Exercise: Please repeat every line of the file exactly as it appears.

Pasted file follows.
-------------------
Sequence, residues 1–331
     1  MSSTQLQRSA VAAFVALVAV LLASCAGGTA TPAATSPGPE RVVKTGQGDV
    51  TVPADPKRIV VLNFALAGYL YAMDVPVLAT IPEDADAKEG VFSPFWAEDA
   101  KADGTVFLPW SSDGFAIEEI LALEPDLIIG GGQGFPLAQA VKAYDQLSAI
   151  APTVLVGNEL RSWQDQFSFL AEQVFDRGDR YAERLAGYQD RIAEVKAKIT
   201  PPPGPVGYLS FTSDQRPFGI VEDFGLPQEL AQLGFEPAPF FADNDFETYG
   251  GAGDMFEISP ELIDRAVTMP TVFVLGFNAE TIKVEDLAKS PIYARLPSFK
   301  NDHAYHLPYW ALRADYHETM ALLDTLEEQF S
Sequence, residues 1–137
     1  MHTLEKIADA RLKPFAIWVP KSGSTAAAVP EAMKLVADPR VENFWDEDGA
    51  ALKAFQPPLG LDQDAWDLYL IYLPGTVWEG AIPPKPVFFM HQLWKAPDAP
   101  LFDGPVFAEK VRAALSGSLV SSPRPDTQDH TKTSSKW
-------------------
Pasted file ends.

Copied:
Sequence, residues 1–331
     1  MSSTQLQRSA VAAFVALVAV LLASCAGGTA TPAATSPGPE RVVKTGQGDV
    51  TVPADPKRIV VLNFALAGYL YAMDVPVLAT IPEDADAKEG VFSPFWAEDA
   101  KADGTVFLPW SSDGFAIEEI LALEPDLIIG GGQGFPLAQA VKAYDQLSAI
   151  APTVLVGNEL RSWQDQFSFL AEQVFDRGDR YAERLAGYQD RIAEVKAKIT
   201  PPPGPVGYLS FTSDQRPFGI VEDFGLPQEL AQLGFEPAPF FADNDFETYG
   251  GAGDMFEISP ELIDRAVTMP TVFVLGFNAE TIKVEDLAKS PIYARLPSFK
   301  NDHAYHLPYW ALRADYHETM ALLDTLEEQF S
Sequence, residues 1–137
     1  MHTLEKIADA RLKPFAIWVP KSGSTAAAVP EAMKLVADPR VENFWDEDGA
    51  ALKAFQPPLG LDQDAWDLYL IYLPGTVWEG AIPPKPVFFM HQLWKAPDAP
   101  LFDGPVFAEK VRAALSGSLV SSPRPDTQDH TKTSSKW